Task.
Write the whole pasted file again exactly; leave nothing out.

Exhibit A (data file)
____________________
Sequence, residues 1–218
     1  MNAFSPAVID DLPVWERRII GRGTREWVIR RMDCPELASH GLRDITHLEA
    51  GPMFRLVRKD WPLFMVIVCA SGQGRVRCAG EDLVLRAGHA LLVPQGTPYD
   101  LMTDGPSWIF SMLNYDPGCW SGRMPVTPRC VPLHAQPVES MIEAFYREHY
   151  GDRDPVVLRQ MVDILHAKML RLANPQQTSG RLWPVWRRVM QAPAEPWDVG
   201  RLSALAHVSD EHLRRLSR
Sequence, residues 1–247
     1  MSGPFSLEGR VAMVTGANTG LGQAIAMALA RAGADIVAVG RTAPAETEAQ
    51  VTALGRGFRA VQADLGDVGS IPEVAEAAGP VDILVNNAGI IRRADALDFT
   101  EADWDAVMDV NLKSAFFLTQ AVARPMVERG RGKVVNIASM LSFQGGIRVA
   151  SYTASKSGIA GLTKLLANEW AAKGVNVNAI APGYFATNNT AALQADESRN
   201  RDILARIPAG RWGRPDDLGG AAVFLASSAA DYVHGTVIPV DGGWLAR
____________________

Sequence, residues 1–218
     1  MNAFSPAVID DLPVWERRII GRGTREWVIR RMDCPELASH GLRDITHLEA
    51  GPMFRLVRKD WPLFMVIVCA SGQGRVRCAG EDLVLRAGHA LLVPQGTPYD
   101  LMTDGPSWIF SMLNYDPGCW SGRMPVTPRC VPLHAQPVES MIEAFYREHY
   151  GDRDPVVLRQ MVDILHAKML RLANPQQTSG RLWPVWRRVM QAPAEPWDVG
   201  RLSALAHVSD EHLRRLSR
Sequence, residues 1–247
     1  MSGPFSLEGR VAMVTGANTG LGQAIAMALA RAGADIVAVG RTAPAETEAQ
    51  VTALGRGFRA VQADLGDVGS IPEVAEAAGP VDILVNNAGI IRRADALDFT
   101  EADWDAVMDV NLKSAFFLTQ AVARPMVERG RGKVVNIASM LSFQGGIRVA
   151  SYTASKSGIA GLTKLLANEW AAKGVNVNAI APGYFATNNT AALQADESRN
   201  RDILARIPAG RWGRPDDLGG AAVFLASSAA DYVHGTVIPV DGGWLAR